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Vangelis - Voices CD (album) cover

VOICES

Vangelis

 

Prog Related

3.81 | 89 ratings

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Progosopher
5 stars The second original release of the decade, and the third winner in a row (the other two being 1492 and Blade Runner).

I have dubbed the opening and title piece 'Chariots of Fire, Part Two.' It's not the same music, but it conveys the same tone of power and overcoming obstacles. It is a powerful piece that starts with a long buildup, which morphs into a heavy rhythm backing a male chorus. About 2/3 of the way through there is a really cool drum break. After reaching a climax, Voices blends into Echoes, which is a variation of the same melody only done more spacey. The pulsing rhythm is augmented by synth embellishments. The third track, Come to Me shows another side of the title for this album ? it is a song. Slow, dense and dreamy. P.S. is a reprise of the original theme. Ask the Mountain is another song, here more minimalist than dreamy, a space all its own. Prelude serves as an instrumental lead-in to Losing Sleep (Still, My Heart), the best song here. Again, dreamy and lush, but with a slow power inexhorable as a rising tide. This segues to the climax of the album, Messages, which was meant to convey extraterrestrial voices over the radio but reminds me of hiking in the Alps due to the rhythm, which is not unlike Everest from China. The main melody is presented as a grand humm and vocalizing that reaches its own climax. The bubbly voices, which serve as the background for this piece, continue on and fade out. All the voices on this piece sound synthesized to me. From this emanates Dream in An Open Place, one of Vangelis' most haunting closing pieces. Almost cloying, it tugs on the heartstrings and creates a sense of cosmic longing. Throughout, a strong sense of melody and rhythm pleases the ears. The music is sophisticated, mature, and inspired.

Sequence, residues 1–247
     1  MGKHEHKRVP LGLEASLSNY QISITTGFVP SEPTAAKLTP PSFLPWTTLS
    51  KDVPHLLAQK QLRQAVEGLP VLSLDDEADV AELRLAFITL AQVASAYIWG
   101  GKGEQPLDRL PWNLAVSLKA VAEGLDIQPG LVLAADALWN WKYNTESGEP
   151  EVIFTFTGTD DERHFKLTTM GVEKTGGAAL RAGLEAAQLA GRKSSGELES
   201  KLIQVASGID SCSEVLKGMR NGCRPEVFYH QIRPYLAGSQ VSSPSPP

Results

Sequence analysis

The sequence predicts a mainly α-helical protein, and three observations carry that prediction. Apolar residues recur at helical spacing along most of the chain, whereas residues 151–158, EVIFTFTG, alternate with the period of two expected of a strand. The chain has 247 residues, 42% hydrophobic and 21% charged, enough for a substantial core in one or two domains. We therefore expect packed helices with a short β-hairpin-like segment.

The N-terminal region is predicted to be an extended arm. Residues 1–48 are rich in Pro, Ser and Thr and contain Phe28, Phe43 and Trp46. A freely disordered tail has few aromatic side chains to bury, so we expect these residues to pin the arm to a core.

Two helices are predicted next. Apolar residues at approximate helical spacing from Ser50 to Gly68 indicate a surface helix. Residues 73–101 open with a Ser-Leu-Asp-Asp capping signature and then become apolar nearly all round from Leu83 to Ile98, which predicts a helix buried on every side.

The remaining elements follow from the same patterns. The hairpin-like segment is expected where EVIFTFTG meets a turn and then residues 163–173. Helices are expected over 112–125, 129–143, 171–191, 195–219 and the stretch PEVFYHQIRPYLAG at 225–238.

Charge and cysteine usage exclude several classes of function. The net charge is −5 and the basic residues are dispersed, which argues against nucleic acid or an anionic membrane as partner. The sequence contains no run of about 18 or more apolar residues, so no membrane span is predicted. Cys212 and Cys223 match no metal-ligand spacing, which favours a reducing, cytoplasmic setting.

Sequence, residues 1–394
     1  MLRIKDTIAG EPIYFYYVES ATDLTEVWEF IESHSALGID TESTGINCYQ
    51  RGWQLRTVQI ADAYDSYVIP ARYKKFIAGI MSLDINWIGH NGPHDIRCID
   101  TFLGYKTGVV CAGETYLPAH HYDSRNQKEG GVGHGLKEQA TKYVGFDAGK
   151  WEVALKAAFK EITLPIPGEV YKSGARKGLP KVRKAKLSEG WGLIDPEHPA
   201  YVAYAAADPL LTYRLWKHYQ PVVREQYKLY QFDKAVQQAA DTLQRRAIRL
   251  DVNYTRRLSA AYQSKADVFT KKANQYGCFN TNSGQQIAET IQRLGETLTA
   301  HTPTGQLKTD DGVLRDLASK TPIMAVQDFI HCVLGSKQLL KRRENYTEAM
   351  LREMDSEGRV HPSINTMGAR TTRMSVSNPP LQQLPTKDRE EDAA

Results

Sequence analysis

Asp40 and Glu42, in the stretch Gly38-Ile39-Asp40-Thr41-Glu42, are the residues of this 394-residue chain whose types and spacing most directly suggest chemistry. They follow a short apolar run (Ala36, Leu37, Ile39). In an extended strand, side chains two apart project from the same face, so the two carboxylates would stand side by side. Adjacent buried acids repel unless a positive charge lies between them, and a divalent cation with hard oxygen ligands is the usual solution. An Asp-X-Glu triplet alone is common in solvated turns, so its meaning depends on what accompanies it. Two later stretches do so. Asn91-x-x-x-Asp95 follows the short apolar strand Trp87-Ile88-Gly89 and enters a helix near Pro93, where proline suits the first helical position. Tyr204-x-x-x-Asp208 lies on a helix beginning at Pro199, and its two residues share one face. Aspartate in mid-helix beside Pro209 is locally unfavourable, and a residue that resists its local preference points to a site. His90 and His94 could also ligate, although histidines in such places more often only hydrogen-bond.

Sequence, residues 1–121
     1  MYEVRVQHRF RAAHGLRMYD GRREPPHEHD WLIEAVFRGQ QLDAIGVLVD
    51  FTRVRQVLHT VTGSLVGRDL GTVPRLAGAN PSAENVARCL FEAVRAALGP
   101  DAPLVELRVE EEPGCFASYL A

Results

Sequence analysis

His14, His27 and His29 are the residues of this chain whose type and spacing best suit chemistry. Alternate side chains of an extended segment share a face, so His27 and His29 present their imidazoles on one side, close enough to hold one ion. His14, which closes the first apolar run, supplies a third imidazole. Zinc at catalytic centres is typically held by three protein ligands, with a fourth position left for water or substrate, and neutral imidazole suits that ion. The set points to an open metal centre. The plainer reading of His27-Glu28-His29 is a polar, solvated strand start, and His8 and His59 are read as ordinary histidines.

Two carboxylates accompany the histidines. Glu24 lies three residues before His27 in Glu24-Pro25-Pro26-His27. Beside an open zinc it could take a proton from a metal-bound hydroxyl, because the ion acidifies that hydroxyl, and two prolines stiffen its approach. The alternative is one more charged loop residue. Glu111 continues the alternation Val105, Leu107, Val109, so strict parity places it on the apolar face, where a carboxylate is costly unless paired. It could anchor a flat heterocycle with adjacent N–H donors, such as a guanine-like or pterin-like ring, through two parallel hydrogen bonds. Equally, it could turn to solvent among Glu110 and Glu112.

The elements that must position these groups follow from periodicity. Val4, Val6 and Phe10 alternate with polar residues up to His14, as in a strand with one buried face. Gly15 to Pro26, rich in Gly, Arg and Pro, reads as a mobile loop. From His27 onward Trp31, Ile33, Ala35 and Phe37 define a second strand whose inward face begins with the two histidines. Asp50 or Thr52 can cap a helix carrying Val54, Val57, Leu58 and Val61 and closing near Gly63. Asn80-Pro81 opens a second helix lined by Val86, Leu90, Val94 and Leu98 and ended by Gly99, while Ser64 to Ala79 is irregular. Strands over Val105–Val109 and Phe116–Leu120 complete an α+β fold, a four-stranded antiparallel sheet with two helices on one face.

This album was his first of original music in three years and it is clear that he had once again been developing new techniques of composing, orchestrating and performing. The choir has become a mainstay and that is a good thing. The vocal songs may turn off purists, but that's their loss. Voices is more eclectic than most Vangelis releases, but the man is a master of many styles. From the rousing to the dreamy, this album delivers in every way.

Progosopher | 5/5 |

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